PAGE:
The Los Angeles Unified School District has agreed to sweeping revisions in the way it teaches students learning English, as well as black youngsters, settling a federal civil rights investigation that examined whether the district was denying the students a quality education.
The settlement closes what was the Obama administration's first civil rights investigation launched by the Department of Education, and officials said Tuesday that it would serve as a model for other school districts around the country.
"What happens in L.A. really does set trends for across the nation. More and more school districts are dealing with this challenge," said Russlynn Ali, the assistant secretary of education for civil rights.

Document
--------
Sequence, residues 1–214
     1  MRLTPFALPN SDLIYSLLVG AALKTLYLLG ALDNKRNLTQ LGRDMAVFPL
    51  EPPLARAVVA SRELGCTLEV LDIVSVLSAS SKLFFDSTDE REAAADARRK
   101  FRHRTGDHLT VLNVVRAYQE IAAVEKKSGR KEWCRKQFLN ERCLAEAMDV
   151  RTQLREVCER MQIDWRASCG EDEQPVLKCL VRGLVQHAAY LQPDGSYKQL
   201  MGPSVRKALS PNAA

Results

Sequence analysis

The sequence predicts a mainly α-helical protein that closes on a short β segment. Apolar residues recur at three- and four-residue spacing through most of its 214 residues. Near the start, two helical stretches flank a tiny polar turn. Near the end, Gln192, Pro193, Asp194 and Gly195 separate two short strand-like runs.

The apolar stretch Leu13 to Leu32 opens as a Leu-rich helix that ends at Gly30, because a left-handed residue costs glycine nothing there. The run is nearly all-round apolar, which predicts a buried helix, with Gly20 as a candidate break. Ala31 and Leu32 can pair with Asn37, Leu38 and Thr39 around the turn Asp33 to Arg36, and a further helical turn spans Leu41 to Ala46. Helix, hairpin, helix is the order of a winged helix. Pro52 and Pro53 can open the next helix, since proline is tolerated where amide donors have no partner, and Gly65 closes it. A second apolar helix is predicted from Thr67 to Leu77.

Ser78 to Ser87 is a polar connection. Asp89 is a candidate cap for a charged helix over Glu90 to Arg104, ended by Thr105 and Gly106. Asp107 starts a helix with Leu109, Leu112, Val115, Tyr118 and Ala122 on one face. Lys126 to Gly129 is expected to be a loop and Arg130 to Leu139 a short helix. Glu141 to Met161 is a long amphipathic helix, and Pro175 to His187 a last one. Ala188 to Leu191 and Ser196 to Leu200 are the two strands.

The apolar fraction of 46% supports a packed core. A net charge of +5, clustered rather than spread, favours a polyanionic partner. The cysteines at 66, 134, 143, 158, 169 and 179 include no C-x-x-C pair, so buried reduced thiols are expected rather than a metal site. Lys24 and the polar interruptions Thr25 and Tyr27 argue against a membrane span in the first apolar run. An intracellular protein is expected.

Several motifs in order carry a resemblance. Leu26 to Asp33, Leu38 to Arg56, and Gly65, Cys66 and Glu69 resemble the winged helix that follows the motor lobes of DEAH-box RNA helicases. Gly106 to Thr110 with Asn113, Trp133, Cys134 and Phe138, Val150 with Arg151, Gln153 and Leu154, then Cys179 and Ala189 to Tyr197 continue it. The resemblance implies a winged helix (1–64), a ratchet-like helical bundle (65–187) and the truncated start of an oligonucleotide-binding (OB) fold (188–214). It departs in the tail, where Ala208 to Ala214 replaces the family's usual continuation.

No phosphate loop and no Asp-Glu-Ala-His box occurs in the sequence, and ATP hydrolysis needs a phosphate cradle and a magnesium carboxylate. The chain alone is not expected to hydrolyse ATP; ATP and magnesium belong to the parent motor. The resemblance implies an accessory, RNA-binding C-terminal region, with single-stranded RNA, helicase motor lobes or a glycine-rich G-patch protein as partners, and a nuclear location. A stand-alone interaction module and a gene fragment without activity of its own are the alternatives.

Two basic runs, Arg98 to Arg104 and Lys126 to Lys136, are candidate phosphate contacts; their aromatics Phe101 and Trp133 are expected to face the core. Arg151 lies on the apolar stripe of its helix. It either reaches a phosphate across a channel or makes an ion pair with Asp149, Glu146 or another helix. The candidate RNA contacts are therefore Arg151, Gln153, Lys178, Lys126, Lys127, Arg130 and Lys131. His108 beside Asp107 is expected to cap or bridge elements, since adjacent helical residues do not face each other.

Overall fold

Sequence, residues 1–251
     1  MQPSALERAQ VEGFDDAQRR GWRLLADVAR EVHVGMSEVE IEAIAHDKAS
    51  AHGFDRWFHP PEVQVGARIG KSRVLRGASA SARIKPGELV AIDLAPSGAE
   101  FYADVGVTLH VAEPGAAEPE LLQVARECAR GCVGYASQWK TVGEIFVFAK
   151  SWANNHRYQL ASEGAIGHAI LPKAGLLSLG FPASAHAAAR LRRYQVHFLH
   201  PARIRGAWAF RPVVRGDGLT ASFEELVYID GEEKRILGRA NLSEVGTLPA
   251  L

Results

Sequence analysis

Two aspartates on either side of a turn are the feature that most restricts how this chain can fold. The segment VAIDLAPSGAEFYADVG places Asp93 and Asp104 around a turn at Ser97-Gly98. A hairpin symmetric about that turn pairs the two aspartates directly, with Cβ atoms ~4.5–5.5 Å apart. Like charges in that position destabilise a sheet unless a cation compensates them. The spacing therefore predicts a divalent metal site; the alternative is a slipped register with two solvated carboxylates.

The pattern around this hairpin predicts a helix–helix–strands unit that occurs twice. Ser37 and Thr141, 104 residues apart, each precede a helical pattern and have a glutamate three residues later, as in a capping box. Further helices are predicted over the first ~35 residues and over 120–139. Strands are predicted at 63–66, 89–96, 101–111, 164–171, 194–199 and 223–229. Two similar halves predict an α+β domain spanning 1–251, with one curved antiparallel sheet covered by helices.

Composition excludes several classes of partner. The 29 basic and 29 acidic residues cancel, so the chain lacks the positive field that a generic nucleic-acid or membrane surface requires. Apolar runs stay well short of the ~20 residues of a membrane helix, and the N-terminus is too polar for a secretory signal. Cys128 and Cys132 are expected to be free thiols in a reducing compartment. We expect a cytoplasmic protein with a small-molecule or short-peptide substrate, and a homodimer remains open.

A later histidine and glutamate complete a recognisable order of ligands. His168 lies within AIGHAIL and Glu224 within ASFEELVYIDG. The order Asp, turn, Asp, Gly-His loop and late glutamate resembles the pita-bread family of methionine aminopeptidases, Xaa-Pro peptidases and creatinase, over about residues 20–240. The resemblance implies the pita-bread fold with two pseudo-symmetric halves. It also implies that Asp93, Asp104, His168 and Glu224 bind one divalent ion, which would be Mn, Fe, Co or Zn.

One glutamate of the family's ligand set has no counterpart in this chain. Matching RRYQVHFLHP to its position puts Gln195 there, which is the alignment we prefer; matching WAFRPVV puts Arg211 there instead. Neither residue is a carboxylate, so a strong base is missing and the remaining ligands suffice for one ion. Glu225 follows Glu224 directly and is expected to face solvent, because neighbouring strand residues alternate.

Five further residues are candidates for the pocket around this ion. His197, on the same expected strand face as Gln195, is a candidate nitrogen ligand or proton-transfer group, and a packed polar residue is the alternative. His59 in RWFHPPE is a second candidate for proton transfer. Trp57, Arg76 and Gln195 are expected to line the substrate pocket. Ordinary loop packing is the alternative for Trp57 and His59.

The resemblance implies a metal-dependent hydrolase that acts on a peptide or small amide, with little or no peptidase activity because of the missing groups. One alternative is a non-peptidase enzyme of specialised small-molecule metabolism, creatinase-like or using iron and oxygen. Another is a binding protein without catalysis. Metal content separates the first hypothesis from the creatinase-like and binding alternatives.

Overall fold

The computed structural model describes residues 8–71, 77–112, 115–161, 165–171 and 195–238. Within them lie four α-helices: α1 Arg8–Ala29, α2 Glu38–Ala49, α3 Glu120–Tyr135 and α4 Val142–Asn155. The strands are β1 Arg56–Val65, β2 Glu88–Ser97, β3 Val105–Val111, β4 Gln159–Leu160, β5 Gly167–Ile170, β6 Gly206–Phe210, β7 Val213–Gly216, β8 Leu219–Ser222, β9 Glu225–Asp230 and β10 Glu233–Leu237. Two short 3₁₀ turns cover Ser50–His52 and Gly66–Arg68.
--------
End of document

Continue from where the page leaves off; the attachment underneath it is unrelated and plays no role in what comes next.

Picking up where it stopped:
The agreement poses a potential financial problem for the school district, which has faced multimillion-dollar budget cuts and layoffs over the last few years.
The Education Department launched the probe last year, at first to determine if students who entered school speaking limited English, most of whom are Latino, were receiving adequate instruction. The nation's second-largest school system has more students learning English, about 195,000, than any other in the United States — about 29% of the district's overall enrollment. Later, at the urging of local activists, investigators widened the probe to include black students, who make up about 10% of the district's enrollment.